SNPs associated (P<5×10−8) in previous studies with waist/hip ratio (adjusted for BMI),47 BMI (untransformed48 and z-transformed46), systolic BP,49 low-density lipoprotein cholesterol, triglycerides, high-density lipoprotein cholesterol,50 T1D,39 T2D38 (including all SNPs, and without any other effects other than on T2D or lipids50 and T2D or glycemic traits41,85), 2-hour glucose (adjusted for BMI),40 fasting glucose (adjusted for BMI),41 HbA1C,42 fasting insulin (natural log transformed and adjusted for BMI),41 fasting proinsulin (adjusted for BMI and fasting glucose),43 HOMA-B, HOMA-IR,44 and insulin resistance45 were included in a GRS for each trait respectively. The GRS was weighted by the allelic effect of each variant on the DKD risk factor and associated with the DKD phenotypes using the stage 1 GWAS meta-analysis data.49 The lipid GRS were restricted to variants that predicted that specific trait and removed those that had effects on other lipid traits. We did not include a GRS for smoking behaviors as there were too few genome-wide significant associations to form a sufficient instrument.
LD Score Regression to Estimate Genetic Correlation
To estimate the genetic correlation between the GWAS stage 1 meta-analysis results for DKD phenotypes, and the related traits, we assembled the genome-wide summary statistics from all of the studies used to calculate GRS except for systolic BP and T1D as the full summary statistics were not available. We additionally computed genetic correlation with smoking behavior phenotypes (cigarettes per day, smoking addiction, smoking cessation, and age at smoking onset).86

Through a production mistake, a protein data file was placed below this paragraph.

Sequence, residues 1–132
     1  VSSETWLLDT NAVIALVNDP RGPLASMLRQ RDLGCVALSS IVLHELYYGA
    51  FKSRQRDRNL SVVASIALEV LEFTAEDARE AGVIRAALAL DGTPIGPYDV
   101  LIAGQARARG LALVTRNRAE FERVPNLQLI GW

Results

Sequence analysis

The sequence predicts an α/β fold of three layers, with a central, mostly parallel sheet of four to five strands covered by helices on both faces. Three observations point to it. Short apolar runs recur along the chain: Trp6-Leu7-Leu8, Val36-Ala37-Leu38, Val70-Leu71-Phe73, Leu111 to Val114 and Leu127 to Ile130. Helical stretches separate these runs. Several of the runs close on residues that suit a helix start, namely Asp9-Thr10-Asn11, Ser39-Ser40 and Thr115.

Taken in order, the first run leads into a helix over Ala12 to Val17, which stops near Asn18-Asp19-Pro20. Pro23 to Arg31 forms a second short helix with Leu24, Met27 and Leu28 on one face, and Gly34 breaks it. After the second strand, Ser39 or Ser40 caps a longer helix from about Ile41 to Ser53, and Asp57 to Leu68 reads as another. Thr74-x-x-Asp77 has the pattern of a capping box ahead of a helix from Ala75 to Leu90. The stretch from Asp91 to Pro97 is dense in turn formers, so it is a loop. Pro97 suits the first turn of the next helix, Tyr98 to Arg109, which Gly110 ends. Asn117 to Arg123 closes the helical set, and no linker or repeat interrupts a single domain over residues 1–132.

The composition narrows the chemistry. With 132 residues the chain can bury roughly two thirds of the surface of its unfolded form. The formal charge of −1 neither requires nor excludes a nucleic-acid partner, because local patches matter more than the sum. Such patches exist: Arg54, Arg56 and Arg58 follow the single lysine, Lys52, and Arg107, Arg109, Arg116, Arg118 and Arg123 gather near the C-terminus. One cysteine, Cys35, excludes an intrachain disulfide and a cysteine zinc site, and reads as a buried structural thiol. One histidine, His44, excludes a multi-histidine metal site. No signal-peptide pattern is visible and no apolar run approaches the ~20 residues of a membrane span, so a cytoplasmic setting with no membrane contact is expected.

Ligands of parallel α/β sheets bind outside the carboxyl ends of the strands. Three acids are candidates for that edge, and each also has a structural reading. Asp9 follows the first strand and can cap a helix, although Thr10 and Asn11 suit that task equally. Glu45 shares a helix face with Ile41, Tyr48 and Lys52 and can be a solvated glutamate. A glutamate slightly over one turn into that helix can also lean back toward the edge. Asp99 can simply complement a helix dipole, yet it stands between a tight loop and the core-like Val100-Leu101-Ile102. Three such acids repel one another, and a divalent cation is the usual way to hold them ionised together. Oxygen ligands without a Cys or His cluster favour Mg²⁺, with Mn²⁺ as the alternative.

Gene Set Enrichment Analyses
Gene set enrichment analysis was performed in the GWAS stage 1 meta-analysis results with the MAGENTA(vs.2)87 applied on 10,992 partially overlapping gene sets from GO, PANTHER, INGENUITY, KEGG, REACTOME, and BIOCARTA data bases; 3126 gene sets with ≥10 genes were analyzed. The 95 percentile cut-off for the gene scores was used to define the significant results.
Correction for Multiple Testing
The significance threshold for the results of the evaluation of previous loci, GRS, LD score regression, and pathway enrichment analyses were Bonferroni corrected for multiple testing with α=0.05 significance level, accounting for the number of tested loci, traits, or pathways. The results were not corrected for the seven phenotypic comparisons due to a considerable overlap of the patient and control groups.
WES Single Variant Analysis
Single variants were tested for association with DKD (patients, n=481; controls, n=479) and ESRD (patients, n=168; controls, n=479) using the logistic score test88 implemented in Epacts, with sex and two principal components as covariates. Related individuals, monomorphic SNPs, and those with SEM>10 were excluded from the analysis. Although the study setting provided low statistical power to detect rare variants (MAF<1%) with exome-wide significance (P<9×10−8 to correct for 530,776 tested variants) in line with previous reports on the statistical power to detect rare variants,89 we had sufficient power (80%) to detect a low frequency variant (MAF=5%) with a large OR of 5.65 (Supplemental Figure 13).